When I iterate with designers, I encourage them to open my localhost website on their machine and give it a test. Each change they ask for, I update my code, hit save, and their browser is immediately updated with the change. This is so powerful! You and a designer can eliminate hours of work by sitting down together and working through nit picks in real time. I love Jira and task management, but if you can cut the creation and fulfillment of a task right out of the pipeline, do it.

# User Testing Iteration
When I iterate with users, I may make auto refreshing updates, but usually I record the requests and follow up with them with my team. The user isn’t a professional, doesn’t know what they want, and shouldn’t be in a place of power. Under some circumstances though, the user will point out a very obvious thing you and your team missed, and you can make the update right away, unblocking the task you asked them to do.

# Iterate, Iterate, Iterate While Static
This step should be where you spend a lot of time. Your prototype can begin moving into a very design finalized state, spoofing all the primary interactions, while still being nimble and static. Once we move forward, we start to solidify things, create tighter dependencies, and therefore become less malleable in our solution. I suggest, that even if you think you’re done with your static prototype phase, iterate one or two more times. There are missed things, and trust me, you want to catch and fix those issues early instead of later.

// 8: Server Integration

If your team is big enough, and prepared enough, you’ve been building your prototypes against mock data from your services team this whole time. If you’ve been creating your mock data with local YML or JSON, then it’s time to connect some dots.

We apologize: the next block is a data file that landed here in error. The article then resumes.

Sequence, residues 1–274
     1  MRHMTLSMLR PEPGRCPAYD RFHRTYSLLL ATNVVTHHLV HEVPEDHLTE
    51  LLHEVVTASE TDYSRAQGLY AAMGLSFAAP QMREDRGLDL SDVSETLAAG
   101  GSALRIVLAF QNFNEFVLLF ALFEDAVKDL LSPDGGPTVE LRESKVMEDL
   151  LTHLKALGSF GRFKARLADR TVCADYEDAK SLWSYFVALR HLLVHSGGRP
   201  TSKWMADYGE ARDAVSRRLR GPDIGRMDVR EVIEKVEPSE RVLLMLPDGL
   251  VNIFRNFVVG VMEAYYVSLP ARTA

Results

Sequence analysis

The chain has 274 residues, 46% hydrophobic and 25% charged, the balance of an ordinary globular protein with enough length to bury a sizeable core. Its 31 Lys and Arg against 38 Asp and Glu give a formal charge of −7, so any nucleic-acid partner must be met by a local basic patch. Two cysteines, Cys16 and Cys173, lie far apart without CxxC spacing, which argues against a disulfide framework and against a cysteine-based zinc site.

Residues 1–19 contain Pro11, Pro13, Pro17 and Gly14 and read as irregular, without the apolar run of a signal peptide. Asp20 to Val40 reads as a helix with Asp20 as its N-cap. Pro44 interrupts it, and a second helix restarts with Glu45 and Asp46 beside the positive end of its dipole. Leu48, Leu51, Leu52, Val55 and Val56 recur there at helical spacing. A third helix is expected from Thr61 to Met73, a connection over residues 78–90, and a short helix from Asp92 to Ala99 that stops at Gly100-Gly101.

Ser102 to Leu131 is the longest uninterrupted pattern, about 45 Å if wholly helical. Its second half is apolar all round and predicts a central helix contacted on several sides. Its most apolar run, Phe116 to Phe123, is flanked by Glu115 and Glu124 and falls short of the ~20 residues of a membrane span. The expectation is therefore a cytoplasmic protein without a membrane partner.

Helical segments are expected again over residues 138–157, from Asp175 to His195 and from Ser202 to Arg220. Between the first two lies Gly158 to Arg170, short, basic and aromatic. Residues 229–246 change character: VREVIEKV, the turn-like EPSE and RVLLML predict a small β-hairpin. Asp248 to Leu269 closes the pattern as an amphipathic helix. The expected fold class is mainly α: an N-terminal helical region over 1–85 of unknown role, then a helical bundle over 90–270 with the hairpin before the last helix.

# Connect The Pipes
The prototype has been validated by clients, designers, developers, and users. Game on. Connecting these dots will depend on how you plan to execute your stack, any frameworks you’re using, etc. There’s so many ways to accomplish this data integration task, I don’t want to say too much about it. In the next few steps though, I will be suggesting methods to help the server load and perceived performance of your site to the user, but I’m intentionally leaving this step vague, since I bet you have your own way of fulfilling integration with the server.

The good news, is up until now, the amount of server dependency you have is super minimal, so you could do the UI work, and the services developers could do theirs. Integration gets sticky, you can find plenty of articles on how to make this task go smooth. You’re prepared though, you’ve been data driven since you saw design comps.

// 9: ZOMG Javascript Time

This is where too many developers have been focusing attention for the past couple years. ZOMG, what Javascript framework should I use? ZOMG bro, look at this JSperf, it changes everything! ZOMG brosef, you still use X, lol, why when XX can do Y. ZOMG ZOMG ZOMG, every week someone is hollering about how wrong someone else was and how right they are. Some of it is valuable, I appreciate the intent, but it’s tiring. So I won’t be talking about a specific choice of Javascript tools. I do want to release the beast, you’re done being limited to HTML and CSS, you can now fulfill your dreams and show the world how rad your JS skills are. </stereotypical medium rant>

Regardless of how you choose to write your event driven application logic and manage state, I do want to mention a few cool techniques. These techniques are not for you, they’re for the user, who this whole thing we’ve been building is for anyway.

# Preventative Performance Monitoring
The first tip, one that oddly isn’t recommended more often, is open your dev tools to the timeline and/or the memory tools, and watch as you develop. Performance is too often an after thought. Why is this? Performance checking after you’re all done is the hardest time to debug the issues. If you watch your perf from day one, you’ll be able to identify problem areas right away. Preventative performance monitoring. Do this, way easier.